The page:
At the Point of the Bayonet: The Peninsular War Battles of Arroyomolinos and Almaraz 1811-1812 (From Reason to Revolution)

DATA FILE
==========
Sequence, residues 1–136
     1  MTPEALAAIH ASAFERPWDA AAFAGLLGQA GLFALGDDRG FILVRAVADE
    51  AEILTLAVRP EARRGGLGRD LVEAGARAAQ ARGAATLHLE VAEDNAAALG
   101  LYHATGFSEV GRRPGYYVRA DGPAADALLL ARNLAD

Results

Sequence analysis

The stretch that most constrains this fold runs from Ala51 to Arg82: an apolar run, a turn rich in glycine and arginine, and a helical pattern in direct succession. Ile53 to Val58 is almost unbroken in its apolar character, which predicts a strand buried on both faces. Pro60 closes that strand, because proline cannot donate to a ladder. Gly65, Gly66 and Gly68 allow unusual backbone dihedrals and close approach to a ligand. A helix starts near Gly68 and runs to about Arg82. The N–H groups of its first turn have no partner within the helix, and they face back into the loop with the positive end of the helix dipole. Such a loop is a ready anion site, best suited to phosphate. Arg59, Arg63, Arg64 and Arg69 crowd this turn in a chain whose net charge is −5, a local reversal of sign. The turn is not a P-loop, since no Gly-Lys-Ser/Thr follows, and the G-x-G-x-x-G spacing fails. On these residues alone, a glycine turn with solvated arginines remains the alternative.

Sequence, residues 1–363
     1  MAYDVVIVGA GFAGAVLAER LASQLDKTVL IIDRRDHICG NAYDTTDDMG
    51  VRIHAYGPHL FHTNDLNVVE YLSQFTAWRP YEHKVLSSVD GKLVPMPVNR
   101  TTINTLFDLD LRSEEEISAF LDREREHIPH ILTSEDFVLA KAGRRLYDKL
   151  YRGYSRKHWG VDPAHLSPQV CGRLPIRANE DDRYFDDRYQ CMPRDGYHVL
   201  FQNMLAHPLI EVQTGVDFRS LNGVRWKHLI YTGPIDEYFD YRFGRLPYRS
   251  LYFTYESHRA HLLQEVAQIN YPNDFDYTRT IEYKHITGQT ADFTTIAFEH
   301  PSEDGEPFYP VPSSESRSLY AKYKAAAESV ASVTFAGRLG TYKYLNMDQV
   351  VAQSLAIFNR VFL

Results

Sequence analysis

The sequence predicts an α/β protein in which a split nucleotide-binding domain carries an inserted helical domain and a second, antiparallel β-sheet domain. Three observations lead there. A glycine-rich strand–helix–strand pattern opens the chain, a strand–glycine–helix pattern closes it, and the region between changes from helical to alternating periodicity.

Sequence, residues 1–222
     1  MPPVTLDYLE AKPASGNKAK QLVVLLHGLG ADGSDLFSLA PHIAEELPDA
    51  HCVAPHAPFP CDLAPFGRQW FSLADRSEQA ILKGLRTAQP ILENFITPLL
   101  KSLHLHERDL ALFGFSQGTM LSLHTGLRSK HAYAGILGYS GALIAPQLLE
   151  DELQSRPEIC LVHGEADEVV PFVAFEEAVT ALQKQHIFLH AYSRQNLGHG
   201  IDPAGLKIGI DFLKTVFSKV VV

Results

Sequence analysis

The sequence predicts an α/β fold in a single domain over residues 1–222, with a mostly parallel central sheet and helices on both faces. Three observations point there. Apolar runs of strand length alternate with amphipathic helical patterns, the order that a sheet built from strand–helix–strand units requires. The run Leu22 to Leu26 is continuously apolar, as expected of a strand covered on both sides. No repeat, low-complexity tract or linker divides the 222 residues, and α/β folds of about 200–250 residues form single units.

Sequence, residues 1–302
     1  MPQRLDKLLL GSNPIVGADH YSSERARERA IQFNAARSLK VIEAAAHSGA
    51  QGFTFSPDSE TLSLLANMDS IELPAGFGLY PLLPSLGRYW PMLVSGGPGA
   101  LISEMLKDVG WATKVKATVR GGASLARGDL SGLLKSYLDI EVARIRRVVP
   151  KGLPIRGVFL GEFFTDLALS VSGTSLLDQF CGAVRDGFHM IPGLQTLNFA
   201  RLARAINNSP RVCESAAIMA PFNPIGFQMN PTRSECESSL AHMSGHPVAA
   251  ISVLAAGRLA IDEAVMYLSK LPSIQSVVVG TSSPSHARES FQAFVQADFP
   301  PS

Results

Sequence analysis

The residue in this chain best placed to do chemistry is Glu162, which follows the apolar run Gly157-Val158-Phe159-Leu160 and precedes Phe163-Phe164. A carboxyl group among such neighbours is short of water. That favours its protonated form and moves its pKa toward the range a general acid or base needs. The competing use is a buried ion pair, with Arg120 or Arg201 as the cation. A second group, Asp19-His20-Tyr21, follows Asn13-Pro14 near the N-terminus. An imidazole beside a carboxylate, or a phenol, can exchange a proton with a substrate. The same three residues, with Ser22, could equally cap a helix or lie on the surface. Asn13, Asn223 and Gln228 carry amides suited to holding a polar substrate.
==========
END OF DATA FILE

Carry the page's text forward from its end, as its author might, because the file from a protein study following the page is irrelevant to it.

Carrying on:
Robert Griffith (Author) Paperback: 208 pages Publisher: Helion and Company (February 19, 2021) ISBN-13: 978-1913336523 Rowland Hill was one of the Duke of Wellington’s most trusted subordinates, known for caring deeply for the welfare of his men, but the battles of Arroyomolinos (1811) and Almaraz (1812) show that he was far more than just ‘Daddy Hill’ and a safe pair of hands. He was also a general of considerable skill and daring. At Arroyomolinos he led his troops for days through appalling weather to outmaneuver and then decimate an entire French division in a perfectly conceived surprise attack. At Almaraz he advanced far from allied lines to capture and then destroy a vital French bridge, overcoming considerable logistical challenges and substantial defenses, and paving the way for Wellington’s victory at Salamanca. For both actions, Hill used the same two British infantry brigades as well as Portuguese and Spanish units. The relatively small numbers of units involved has enabled the author to give greater focus on the individual regiments and the men who served in them than is often the case with larger battles. He uses memoirs, previously unpublished letters, and official returns and reports to paint a very detailed picture of two small but important battles of the Peninsular War and the men that fought them. Author Ever since he picked up the first of Bernard Cornwell's Sharpe books as a teenager, Robert Griffith has been passionately interested in the Napoleonic period. As the author of several historical fiction novels set during the long wars against the French, and an ardent Napoleonic re-enactor, he has long strived to bring alive the stories of the men who fought for Britain against the armies of Napoleon. Having now turned to writing history he exhaustively researches his subjects to draw out previously overlooked details of both the campaigns and the everyday life of Napoleonic soldiers.